Information for Nurses Who Help in Disasters

Nurses are often at the front lines of disaster response. How prepared are nurses—and the hospitals and other facilities where they may work?

Louisiana National Guard at Baton Rouge River Center, Aug 15, 2016, after major flooding pushed residents from homes. (U.S. Army National Guard photo by Spc. Garrett L. Dipuma/RELEASED) Louisiana National Guard, Baton Rouge River Center, Aug 15, 2016, after flooding pushed residents from homes. (U.S. Army National Guard photo by Spc. Garrett L. Dipuma/RELEASED)

The television news reports have recently been full of the devastating flooding in Louisiana. Especially heart-wrenching are the images of people, especially frail older adults, who are rescued with only a few meager possessions. They look shaken and frightened and too many say they’ve lost everything, the possessions of their lifetimes.

Many people will recover, with the help of friends and families, but some who are alone or isolated (or who just don’t deal well because of a variety of reasons) may experience undue stress. Sometimes, that stress can be overwhelming—and damaging to health.

We know—and applaud—all those nurses who volunteer with the American Red Cross and other relief agencies. Readers seeking to help survivors of disasters might find helpful information in our Responding to Disasters collection of articles. Especially useful might be the following:

“The Impact of Event Scale–Revised describes the use of a short questionnaire to assess a person’s response to a traumatic event. We published this in 2008, as part of our How to Try This Series, in partnership with the New York University College of Nursing’s Hartford Institute for Geriatric Nursing.


August 22nd, 2016|Nursing, Public health|0 Comments

The Quandary of Scheduling Vacation Time for Nurses

Illustration by the author; all rights reserved Illustration by the author; all rights reserved

While shopping in a grocery store, I passed a display of craft brew beer that caught my eye. The sign read Hospice Beer! After a double take, I saw on closer inspection that the label actually read: Hop-Slice Beer.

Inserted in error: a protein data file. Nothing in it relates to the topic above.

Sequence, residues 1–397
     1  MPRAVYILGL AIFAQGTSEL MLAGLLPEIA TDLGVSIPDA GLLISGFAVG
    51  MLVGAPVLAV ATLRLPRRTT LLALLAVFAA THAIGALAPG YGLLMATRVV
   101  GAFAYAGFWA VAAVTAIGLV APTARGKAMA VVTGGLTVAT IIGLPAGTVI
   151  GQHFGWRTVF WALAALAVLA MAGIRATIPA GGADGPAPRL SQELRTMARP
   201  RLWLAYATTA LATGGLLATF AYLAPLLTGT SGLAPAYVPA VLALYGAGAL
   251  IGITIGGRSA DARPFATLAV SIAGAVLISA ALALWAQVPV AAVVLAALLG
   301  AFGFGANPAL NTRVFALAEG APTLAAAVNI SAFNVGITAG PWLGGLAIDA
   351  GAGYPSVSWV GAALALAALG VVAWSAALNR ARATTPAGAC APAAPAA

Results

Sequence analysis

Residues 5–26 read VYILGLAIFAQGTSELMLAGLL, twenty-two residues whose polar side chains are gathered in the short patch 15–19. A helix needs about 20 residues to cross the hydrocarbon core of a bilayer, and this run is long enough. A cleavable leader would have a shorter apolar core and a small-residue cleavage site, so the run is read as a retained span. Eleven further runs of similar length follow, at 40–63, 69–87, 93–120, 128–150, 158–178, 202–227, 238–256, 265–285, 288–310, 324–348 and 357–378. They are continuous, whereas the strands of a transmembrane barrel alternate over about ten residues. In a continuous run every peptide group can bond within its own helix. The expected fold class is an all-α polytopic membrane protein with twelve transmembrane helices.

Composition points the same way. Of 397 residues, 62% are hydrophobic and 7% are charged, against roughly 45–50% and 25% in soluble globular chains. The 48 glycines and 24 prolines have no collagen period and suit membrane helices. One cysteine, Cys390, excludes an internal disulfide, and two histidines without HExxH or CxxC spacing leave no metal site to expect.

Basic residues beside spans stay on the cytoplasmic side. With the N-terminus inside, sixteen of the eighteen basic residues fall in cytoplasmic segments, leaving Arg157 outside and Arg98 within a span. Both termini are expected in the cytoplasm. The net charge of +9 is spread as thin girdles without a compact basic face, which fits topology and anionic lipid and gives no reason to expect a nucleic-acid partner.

I realized I was badly in need of a summer vacation. Fortunately, I already had one scheduled on the books.

Summer is a traditional time for vacations, but often not for nurses, for multiple reasons.

Paid time off benefits vary from organization to organization.

Some lump vacation hours and sick leave hours into the same bank, while others separate the two so that nurses accrue hours into each per pay period. Paid vacation time accrues slowly when it’s used for paid sick time.

Further, after accepting a new job, nurses may find that as the newbie they accrue vacation and sick leave hours at a rate lower than their colleagues hired earlier; this practice, called tiered employment, exists within many industries outside of health care, whether they’re union or not. The practice can foster division between the newly hired and existing staff within units. Newer hires accrue less benefits for the same amount of work as their peers. The practice is a double-edged sword, however. It also means it’s cheaper for employers to hire new nurses than appease those with seniority.

After twenty-five years working continuously for the same health care system, I found myself in a similar position: a structural reorganization necessitated that I be hired by another organization. After working there for a year, I returned to the first organization as an oncology nurse navigator. The transition resulted in my accruing vacation time at the same rate as a newly hired nurse, despite 25 years of previous service.

I love my work, and I was happy to return to the organization. It was my choice. But it came with a price.

How vacations are scheduled in nursing units varies too.

In some, vacation time requests are required at the beginning of the year, forcing staff to make plans while they cope with holiday plans at home, along with winter illnesses and the accompanying short staffing that occurs with it at work. For many, thinking about a summer vacation in the midst of this melee is daunting, and so they don’t schedule vacation time, leaving it to chance when they finally do request time off.  In this scenario, they risk not getting an adequate vacation at all. […]

July 25th, 2016|career, Nursing, nursing perspective|0 Comments

The View from the Other Side: When the Daughter is a Nurse

I knew where we were heading and it scared me. I didn’t want to have to think about decisions that would have to be made in the not so distant future. I didn’t want to be a nurse; I just wanted to be the daughter.